The 2013 Red Sox may be one of those teams where character actually does matter. Everyone says the new players are unselfish and they are winning, so maybe there’s something to this. By rights, I should be ecstatic about this team. They have the best record in the league and are winning some thrilling come-from-behind victories. But I’m only very happy; I’m not over-the-moon.
And I’m not alone. Last summer we went on vacation in Massachusetts and after dinner one night we walked through the tourist-clogged downtown, fully expecting to see the Red Sox game playing on the TVs in the bars and restaurants. But as we peered in the doors to see what the score was we discovered that a Patriots pre-season game has displaced the Sox. In restaurant after restaurant the Patriots had pride of place. It was almost as if the town had decided by osmosis that a meaningless football game was more compelling than a pennant race game.
There’s also been a lot of teeth-gnashing in the Boston sports media over the lack of attendance at Fenway park for even the most compelling games. For nine years in a row every game was sold out and now there are 3-4,000 empty seats a game. What’s the problem.? Here are some suggestions:
The Broken Heart Syndrome. This is a real thing. When someone crushes your heart, tears it out, stomps on it and feeds it to the neighbor’s dog, it’s hard to turn around and love them the next day, even if they ask for forgiveness. This new team of good buys is paying the price for the terrible behavior of the last two years.
Fatigue. As noted, it’s hard to maintain an infatuation for years and years. Eventually some of the intensity will burn out. Of course we’ve lost a lot of the fair-weather fans – the ones who hopped on board after 2004 and made the Sox a fad. And good riddance. But even those of us who are lifetime fans go through periods of ups and down and I feel like I am emotionally exhausted by the last decade.
Player anonymity. Although we root for the team, we also root for the individual players, in whom we become emotionally invested. We remember them as rookies, we know their family situations, we have cheered their success. Because of the significant turnover on the 2013 team there are fewer fan favorites to root for. There’s scrappy super-loyal Dustin Pedroia; Jon Lester who had cancer and pitched a no-hitter; Clay Buchholz who married a supermodel and pitched a no-hitter. You could add David “Big Papi” Ortiz to the list, but he’s kind of worn out his welcome with all his griping. It hasn’t helped that in a show of solidarity many of the players have grown beards, which makes it harder to tell apart. Seriously, who is Mike Napoli and who is Johnny Gomes?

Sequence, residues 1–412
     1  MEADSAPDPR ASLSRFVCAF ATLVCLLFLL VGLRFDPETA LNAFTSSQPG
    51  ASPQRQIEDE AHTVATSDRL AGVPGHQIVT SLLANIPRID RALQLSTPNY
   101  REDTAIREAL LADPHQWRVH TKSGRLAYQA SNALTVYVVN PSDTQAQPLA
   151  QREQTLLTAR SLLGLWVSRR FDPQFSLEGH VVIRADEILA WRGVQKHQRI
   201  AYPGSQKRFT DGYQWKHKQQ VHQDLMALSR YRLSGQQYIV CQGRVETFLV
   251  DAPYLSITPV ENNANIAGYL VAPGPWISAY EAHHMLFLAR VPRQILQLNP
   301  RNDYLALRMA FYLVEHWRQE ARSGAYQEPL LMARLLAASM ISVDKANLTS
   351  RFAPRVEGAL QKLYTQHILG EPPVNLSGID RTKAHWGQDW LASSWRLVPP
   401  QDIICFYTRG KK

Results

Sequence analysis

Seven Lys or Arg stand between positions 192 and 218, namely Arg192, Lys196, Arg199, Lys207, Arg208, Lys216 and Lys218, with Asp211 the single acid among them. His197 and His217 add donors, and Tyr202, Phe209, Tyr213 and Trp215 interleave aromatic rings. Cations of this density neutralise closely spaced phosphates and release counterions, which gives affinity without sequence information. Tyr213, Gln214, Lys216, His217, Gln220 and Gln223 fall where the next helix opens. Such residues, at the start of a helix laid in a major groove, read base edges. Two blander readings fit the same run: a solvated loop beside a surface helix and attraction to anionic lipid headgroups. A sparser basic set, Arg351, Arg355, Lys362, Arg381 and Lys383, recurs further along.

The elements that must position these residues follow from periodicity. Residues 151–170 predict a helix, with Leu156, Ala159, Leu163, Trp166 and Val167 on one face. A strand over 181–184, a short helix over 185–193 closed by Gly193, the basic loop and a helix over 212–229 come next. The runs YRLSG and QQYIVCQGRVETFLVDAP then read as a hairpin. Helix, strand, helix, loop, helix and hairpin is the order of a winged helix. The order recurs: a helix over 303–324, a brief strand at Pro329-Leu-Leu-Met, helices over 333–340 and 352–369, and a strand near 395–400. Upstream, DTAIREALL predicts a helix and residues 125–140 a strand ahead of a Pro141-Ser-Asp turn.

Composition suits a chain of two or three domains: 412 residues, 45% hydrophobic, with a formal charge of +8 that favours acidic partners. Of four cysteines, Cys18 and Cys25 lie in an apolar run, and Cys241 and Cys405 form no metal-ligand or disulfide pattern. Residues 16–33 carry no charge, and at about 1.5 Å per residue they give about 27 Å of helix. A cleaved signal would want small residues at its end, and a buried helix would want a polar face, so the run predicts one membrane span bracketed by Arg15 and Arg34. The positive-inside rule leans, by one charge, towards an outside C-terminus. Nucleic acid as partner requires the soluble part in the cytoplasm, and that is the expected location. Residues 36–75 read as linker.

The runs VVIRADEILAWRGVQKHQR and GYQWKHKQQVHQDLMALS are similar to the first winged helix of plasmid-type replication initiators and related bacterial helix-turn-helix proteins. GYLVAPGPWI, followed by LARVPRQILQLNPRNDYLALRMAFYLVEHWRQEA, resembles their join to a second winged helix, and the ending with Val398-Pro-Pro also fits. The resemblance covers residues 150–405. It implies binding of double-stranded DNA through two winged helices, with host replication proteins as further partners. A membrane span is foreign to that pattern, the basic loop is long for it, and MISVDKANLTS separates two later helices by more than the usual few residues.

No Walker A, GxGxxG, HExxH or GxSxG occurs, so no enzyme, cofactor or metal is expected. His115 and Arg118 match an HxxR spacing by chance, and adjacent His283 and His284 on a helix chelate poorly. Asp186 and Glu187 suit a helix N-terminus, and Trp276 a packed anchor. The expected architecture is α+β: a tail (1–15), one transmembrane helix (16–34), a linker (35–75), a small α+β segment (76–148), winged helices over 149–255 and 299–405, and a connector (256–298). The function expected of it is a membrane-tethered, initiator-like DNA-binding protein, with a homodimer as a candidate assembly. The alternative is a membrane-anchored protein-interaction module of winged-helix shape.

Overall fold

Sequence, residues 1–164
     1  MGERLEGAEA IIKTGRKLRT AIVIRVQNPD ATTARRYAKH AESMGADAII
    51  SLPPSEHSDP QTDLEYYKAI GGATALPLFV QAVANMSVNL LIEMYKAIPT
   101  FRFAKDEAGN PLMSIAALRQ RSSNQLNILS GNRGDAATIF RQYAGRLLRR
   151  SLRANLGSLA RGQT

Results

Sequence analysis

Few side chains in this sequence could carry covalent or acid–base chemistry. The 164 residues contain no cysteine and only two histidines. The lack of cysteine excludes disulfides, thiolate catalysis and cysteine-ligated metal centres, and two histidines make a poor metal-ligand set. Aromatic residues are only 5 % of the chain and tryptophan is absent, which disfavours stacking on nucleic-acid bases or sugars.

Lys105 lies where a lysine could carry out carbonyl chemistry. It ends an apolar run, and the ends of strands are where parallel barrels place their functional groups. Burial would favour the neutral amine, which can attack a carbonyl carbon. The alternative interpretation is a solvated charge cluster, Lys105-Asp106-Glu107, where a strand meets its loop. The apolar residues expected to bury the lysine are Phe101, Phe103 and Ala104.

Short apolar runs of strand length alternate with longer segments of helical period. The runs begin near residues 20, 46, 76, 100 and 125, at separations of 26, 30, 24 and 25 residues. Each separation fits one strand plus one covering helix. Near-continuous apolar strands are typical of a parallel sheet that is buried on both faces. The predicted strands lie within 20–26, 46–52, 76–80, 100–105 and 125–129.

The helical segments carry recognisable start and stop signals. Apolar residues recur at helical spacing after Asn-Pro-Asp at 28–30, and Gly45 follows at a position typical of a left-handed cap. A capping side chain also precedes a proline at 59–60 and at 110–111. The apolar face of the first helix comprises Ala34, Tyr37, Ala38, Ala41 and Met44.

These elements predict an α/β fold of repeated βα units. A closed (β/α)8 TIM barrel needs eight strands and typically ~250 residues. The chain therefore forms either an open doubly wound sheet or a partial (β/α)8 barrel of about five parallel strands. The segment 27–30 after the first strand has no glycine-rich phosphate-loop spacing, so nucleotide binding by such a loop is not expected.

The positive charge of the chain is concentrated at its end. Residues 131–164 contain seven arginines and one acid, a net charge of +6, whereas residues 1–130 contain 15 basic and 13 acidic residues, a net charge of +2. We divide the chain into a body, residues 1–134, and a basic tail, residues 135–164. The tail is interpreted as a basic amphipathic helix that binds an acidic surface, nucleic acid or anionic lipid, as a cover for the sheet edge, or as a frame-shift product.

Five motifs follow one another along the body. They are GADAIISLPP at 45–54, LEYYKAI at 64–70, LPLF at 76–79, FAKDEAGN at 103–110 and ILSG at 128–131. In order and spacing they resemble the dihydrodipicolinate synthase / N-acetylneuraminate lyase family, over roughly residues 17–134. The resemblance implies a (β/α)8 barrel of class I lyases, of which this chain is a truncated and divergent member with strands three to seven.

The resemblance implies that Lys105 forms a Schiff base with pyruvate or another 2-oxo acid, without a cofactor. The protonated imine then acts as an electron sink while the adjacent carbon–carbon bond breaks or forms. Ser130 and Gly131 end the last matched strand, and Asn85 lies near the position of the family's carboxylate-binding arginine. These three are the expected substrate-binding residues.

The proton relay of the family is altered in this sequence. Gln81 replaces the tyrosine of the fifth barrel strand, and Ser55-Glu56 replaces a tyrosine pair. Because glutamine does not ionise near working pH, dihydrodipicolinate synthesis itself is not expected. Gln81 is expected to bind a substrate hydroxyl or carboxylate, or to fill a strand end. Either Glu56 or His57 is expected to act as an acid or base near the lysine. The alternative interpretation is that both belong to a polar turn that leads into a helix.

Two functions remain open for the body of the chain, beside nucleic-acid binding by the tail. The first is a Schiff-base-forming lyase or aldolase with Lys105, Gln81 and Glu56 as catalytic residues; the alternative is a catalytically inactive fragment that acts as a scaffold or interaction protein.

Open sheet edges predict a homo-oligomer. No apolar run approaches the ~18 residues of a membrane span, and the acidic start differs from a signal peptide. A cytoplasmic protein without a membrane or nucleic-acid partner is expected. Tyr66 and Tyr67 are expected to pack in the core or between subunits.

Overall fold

(Seriously, who is who in this photo?)
No Yankee Challenge. I never thought I would say this, but I miss the Yankees, as obnoxious, entitled, smarmy and privileged as they and their fans are. I mean, I really hate the Yankees and everything they represent. Their season has been the pathetic mess I urgently wished for, and it was glorious to embarrass them in Yankee Stadium earlier this month. But as we cruise toward the post-season it seems much less important without the Yankees to root against. When the Sox and Yankees play in meaningful games it seems like Armageddon – sometimes there’s an ecstatic result and sometimes I want to kill myself. But I never feel quite as alive as when they are at each other’s throats.
Finally, I’m not sure what role the Boston Marathon bombing plays in the way we feel about the Red Sox this year. The bombing took place about a mile from Fenway Park just after the conclusion of the Sox’ Patriots Day game. The most significant moment of healing wasn’t the memorial service attended by the President but at the first Sox game after the bombing. Through the luck of the schedule, the next game was the following Saturday, after the bombers had been killed or captured. All of Boston tuned in to watch the pre-game ceremonies, including this tribute film:
So maybe the Red Sox are a team of destiny, destined to bring joy to Boston after the sadness of the Marathon. It didn’t work out for the Yankees that way after September 11, but that will be the dominant narrative if the Sox make it all the way. You can count on them including some bombing victims in the Duck Boat parade.
Bottom line? I still love the Red Sox. I’m a bit afraid of committing myself emotionally, even though they done everything to deserve it this year. I’m looking forward to the play-offs with a bit of trepidation but hope they get hot at the right time. My life is measured out in Red Sox milestones and I’d rather remember this stage of my life as the time they won their third World Series trophy rather than as the time they finished in last place.